Whenever people find out I am training for [a second] half marathon, I usually am asked the question “why running?”. My typical answer: it is a great form of exercise that requires very little equipment and subsequently, my dad is an avid runner – it’s in my blood right? Although these responses are true, they aren’t the only reason behind my need to pound the pavement for hours on end. With each training run I am learning so much about why I have chosen to make this activity such a big part of my life.
Let us rewind a little. I have always been an active person. Gymnastics, competitive figure skating and dance, soccer, track and field [for a very brief stint], cycling, fitness classes – you name it, I’ve done it… as long as it doesn’t involve hand eye coordination. Typically I excelled at the sports I tried, but running was different. It was such always a challenge for me, both physically [due to shin splints and asthma] and mentally [because I couldn’t understand why it didn’t come easy]. I’ve run on and off my whole life, 5 km here 10 km there, but never with any consistency. After a few runs I’d give up because I felt like I wasn’t fast enough/going far enough/strong enough – whatever the case – giving up was the easy option, and that is exactly what i did. I vividly remember sitting out of the “beep test” during gym class because of my shin splits, but in all reality I could have put up with the pain, I just didn’t want to fail. For some reason the idea of being a runner was one I just couldn’t push aside. I knew I wanted to make it part of my life – I just didn’t know how.
This year I made a commitment to give running one last chance – if I didn’t enjoy it or find pleasure, I would move on. I signed up for my very first half marathon to make sure I had a goal to work towards and devised a training plan. If there is one thing I am good at, it’s sticking to a schedule. As you all know – I did finish the 21.1 km. The sense of accomplishment I felt crossing the finish line was like nothing I’ve ever felt before. I truly believe that moment turned me into a runner. Now that I am training for my second half marathon, I find myself thinking more and more about the answer to why I run, especially when I’m out on long runs. I’ve probably drafted this blog entry several times in my head – it just hasn’t made it to the keyboard. I’ve come up with four honest reasons.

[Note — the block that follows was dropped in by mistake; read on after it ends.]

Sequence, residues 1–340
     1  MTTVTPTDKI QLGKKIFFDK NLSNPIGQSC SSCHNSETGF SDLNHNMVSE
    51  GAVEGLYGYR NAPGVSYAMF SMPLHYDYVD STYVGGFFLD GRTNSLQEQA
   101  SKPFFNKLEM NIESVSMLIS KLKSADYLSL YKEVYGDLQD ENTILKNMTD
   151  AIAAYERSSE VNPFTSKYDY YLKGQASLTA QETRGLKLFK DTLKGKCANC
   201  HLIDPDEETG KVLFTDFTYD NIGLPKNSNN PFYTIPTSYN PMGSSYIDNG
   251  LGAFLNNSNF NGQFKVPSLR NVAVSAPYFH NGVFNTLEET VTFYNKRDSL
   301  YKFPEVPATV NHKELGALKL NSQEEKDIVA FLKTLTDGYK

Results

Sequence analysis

…because it makes me dig deeper and push myself harder than before. Knowing that I gave each run my all and left everything I had out on the pavement makes me feel accomplished. Running is a competition against yourself, not anyone else. PRs will come and go, but the feeling you get when you finish a run is out of the world – it make take months to get to a point where you feel a runners high, but eventually you will and it will make everything worth it.
…because it makes me feel like I am part of a community. As someone who spent a lot of time in individual sports [figure skating and dance], I have a hard time excelling when I am part of a sports team. I just seem to shine brightest when I am on my own. With running it is different, I am a solo athlete, but there are always others out training that I can wave to and smile at along the way. I also love talking about running and training with friends [both online and in person]. For me is the perfect combination of group/individual.
…because it forces me to make time for myself. I rarely run with friends or in a group because I enjoy being able to take a break some socializing. It doesn’t matter if it is a long or short run, the monotony of the activity allows me to get lost in my thoughts and I can listen [to myself] without any interruptions or judgement. I honestly believe running has given me the opportunity to evaluate my life and my goals while making me a more patient and kind person.
…because I can. Running has made me appreciate what my body can do. Maybe my legs are bigger than I would like, but they are solid and strong, and they can carry me through long runs. I am learning to love myself for who I am, not who I wish I could be.
Now it’s my turn, why do you run?